As you walk around Byron Bay today, you will find a colourful and dynamic mix of old and new, alternative and cosmopolitan, left and right. All of Byron Bay’s past influences from the Indigenous owners, to farmers, business people, hippies and surfers converge into the unique community of Byron Bay.
The main industry in Byron Bay today is tourism, which supports a vibrant economy of restaurants, café, bars, shops, tours, activities, entertainment and accommodation. Locals and tourists alike can enjoy the good venues, great food, yearly festivals, regular bands and the unique cinemas that come with creating an accessible and active community.
Although Byron Bay’s main industry is tourism, rural and farming contributions are present throughout the town, with fresh fruit, vegetables, meat and produce available both through the local food outlets as well as from the regular Farmer’s markets.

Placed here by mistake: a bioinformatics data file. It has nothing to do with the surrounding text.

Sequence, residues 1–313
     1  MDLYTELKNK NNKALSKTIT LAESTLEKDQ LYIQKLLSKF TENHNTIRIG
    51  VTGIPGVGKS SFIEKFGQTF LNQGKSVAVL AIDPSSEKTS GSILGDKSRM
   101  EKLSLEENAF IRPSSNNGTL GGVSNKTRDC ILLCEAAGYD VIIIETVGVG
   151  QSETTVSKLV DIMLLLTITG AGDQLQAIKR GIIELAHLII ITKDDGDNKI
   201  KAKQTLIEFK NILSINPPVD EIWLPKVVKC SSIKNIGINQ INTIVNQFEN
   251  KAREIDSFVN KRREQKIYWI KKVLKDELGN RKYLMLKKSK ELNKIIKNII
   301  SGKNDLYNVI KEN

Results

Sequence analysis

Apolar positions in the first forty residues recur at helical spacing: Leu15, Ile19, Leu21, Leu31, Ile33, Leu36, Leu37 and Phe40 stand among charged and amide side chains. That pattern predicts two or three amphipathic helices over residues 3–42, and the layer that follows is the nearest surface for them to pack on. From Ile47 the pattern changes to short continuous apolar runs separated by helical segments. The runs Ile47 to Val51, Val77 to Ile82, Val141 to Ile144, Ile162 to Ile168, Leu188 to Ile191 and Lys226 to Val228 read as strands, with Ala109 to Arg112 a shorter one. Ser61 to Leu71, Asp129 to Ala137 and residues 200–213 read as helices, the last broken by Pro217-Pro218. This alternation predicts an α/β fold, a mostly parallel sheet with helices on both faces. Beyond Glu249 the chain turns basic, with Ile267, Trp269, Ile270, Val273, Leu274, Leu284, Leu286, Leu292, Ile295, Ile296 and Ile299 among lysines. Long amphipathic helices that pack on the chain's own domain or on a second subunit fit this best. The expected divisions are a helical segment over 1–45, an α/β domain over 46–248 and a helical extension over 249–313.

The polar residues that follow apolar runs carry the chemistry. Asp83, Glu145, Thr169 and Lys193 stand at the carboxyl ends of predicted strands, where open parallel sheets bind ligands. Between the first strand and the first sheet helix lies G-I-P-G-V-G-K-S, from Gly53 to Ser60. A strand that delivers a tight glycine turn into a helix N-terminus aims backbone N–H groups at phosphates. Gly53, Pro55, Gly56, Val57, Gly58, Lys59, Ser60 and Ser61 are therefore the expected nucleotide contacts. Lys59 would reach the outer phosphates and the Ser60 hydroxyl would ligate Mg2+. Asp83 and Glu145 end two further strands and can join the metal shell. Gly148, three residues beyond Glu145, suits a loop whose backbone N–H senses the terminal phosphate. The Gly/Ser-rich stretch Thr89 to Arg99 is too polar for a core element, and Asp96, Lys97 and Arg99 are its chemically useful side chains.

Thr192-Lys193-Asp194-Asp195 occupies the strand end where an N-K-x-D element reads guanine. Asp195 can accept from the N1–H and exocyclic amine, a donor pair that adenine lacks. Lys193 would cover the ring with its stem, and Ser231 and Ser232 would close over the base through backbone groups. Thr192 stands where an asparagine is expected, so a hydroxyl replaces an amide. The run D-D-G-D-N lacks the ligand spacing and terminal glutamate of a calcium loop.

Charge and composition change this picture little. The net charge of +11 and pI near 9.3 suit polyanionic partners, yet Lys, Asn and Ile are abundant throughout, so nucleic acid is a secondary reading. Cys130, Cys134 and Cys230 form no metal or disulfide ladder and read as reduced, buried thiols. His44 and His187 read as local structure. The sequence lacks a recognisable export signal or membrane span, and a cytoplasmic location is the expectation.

Such a diversity of interests makes it an interesting community when it comes to politics, and locals are both active and vocal across the political spectrum. With a Federal Member from Labor, a State Member from The Nationals and a Green local council, Byron Bay today defies definition in any simple way. Where they unite is around their love and respect for the environment and community and a commitment to maintaining these for future generations to enjoy. What this creates is a broad and open community feeling, where everyone – whether they’re a local or a visitor - can find a place and feel welcome to feel at home.